This is something I'm confused about...if person A and B have networks with different subnet masks, then what prevents them from assigning an end IP that is identical?

It makes me think I'm understanding something incorrectly, since otherwise it seems like this would be a common problem


Hosts on a LAN will never have different netmasks. If I see it as /24 and you see it as /25, we have different networks. Such overlapping networks present numerous problems, not the least of which is the hosts in the smaller block will not know hosts in the larger block are actually "on the wire" with them; they'll send traffic to their gateway (if they have one) instead of directly to the other host.

As for address collisions, X is X no matter the netmask. So when the two hosts check for duplicates (as most modern systems do), they'll see each other. This is done with ARP at layer-2, so netmasks have no role. (e.g. the host coming online sends an ARP -- "who has (my ip)" -- if anyone answers, there's a collision.)


This should never happen. If it happens, the behavior is undefined, i.e., network may not work in a number of ways.

IP addresses are hierarchical and must be assigned hierarchically. All IP addresses are divided between 5 regional organizations (e.g., RIPE in Europe). These organizations give subblocks of their addresses to large-scale internet providers. They in turn can give subblocks to smaller providers, and so on. At each step is must be ensured that the subblocks don't overlap.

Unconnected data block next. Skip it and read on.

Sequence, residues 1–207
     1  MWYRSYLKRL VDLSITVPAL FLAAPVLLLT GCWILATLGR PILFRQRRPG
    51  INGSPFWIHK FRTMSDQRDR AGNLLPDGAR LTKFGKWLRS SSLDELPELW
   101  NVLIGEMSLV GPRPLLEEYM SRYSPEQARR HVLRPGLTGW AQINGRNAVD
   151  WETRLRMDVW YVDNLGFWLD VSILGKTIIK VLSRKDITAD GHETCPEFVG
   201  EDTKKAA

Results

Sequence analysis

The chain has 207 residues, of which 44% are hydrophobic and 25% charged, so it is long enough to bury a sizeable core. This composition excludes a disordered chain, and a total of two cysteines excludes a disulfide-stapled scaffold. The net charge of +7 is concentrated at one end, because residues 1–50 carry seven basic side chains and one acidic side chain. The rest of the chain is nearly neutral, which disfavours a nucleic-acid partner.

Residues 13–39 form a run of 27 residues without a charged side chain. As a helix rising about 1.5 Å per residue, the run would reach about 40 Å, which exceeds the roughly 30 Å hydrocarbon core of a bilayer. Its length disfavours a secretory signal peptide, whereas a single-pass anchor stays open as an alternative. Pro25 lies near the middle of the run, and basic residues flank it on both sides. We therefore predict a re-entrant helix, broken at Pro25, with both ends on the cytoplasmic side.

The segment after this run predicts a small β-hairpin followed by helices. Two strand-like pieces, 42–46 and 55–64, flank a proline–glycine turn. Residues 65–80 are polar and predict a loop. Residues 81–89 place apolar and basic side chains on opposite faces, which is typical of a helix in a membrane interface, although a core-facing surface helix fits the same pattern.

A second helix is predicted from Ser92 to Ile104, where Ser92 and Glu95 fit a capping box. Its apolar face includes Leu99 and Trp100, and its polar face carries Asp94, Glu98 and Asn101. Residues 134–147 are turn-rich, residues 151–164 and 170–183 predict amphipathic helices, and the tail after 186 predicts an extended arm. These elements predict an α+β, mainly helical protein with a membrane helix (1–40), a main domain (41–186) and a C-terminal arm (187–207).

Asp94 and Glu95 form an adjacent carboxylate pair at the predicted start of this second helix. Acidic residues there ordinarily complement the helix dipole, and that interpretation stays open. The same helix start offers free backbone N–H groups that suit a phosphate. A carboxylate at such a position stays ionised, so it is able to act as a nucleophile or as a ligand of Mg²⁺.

If B has a network 123.123/16 than it is B's responsibility to ensure that addresses within its network do not overlap. For A to get the network 123.123.123/24 it has to get it through B (does not have to be directly). Then B knows that it can't assign addresses in 123.123.123/24 to anybody, because this block is now owned by A.

As was said in different answers, private IP addresses (i.e., specific blocks marked for private addresses) can be reused. It is a responsibility of each organization to ensure that these addresses are not routed outside this organization.

1 is a subnet of

If company B was allocated network (by a LIR) then only they can use this network and nobody else can use any subnet of this network (unless granted by company B). So company A cannot possibly be assigned

it other works it is impossible for 2 companies to use the same public IP network / address.

There are special network defined in RFC1918, called "private" IP networks that can be used by anybody within their internal networks. Those addresses cannot be used on the Internet and as such cannot conflict.

  • this is not true, B is free to sell sub-blocks of these addresses. It does have to make sure that these blocks do not overlap and it can't use sold block itself.
    – Effie
    Sep 15 at 14:17
  • True; I wanted to keep it simple. We could wrote a very lengthy answer with many specific case but this may confuse more than help.
    – JFL
    Sep 15 at 14:20

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